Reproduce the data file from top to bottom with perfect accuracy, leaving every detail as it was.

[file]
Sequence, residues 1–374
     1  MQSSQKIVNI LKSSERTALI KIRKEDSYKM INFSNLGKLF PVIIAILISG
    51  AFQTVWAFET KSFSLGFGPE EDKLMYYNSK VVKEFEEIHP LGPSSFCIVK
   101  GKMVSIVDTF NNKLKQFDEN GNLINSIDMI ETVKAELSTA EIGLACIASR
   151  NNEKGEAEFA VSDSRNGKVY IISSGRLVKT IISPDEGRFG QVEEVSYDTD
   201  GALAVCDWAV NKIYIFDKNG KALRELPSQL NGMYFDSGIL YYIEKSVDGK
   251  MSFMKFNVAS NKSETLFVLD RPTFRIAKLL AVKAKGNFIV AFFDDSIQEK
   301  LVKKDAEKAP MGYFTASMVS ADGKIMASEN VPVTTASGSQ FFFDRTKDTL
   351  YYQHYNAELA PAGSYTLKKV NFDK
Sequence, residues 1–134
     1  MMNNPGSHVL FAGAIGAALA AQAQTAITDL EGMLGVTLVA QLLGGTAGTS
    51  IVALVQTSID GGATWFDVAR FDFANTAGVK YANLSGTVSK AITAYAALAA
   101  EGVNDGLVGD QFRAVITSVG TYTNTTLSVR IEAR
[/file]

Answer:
Sequence, residues 1–374
     1  MQSSQKIVNI LKSSERTALI KIRKEDSYKM INFSNLGKLF PVIIAILISG
    51  AFQTVWAFET KSFSLGFGPE EDKLMYYNSK VVKEFEEIHP LGPSSFCIVK
   101  GKMVSIVDTF NNKLKQFDEN GNLINSIDMI ETVKAELSTA EIGLACIASR
   151  NNEKGEAEFA VSDSRNGKVY IISSGRLVKT IISPDEGRFG QVEEVSYDTD
   201  GALAVCDWAV NKIYIFDKNG KALRELPSQL NGMYFDSGIL YYIEKSVDGK
   251  MSFMKFNVAS NKSETLFVLD RPTFRIAKLL AVKAKGNFIV AFFDDSIQEK
   301  LVKKDAEKAP MGYFTASMVS ADGKIMASEN VPVTTASGSQ FFFDRTKDTL
   351  YYQHYNAELA PAGSYTLKKV NFDK
Sequence, residues 1–134
     1  MMNNPGSHVL FAGAIGAALA AQAQTAITDL EGMLGVTLVA QLLGGTAGTS
    51  IVALVQTSID GGATWFDVAR FDFANTAGVK YANLSGTVSK AITAYAALAA
   101  EGVNDGLVGD QFRAVITSVG TYTNTTLSVR IEAR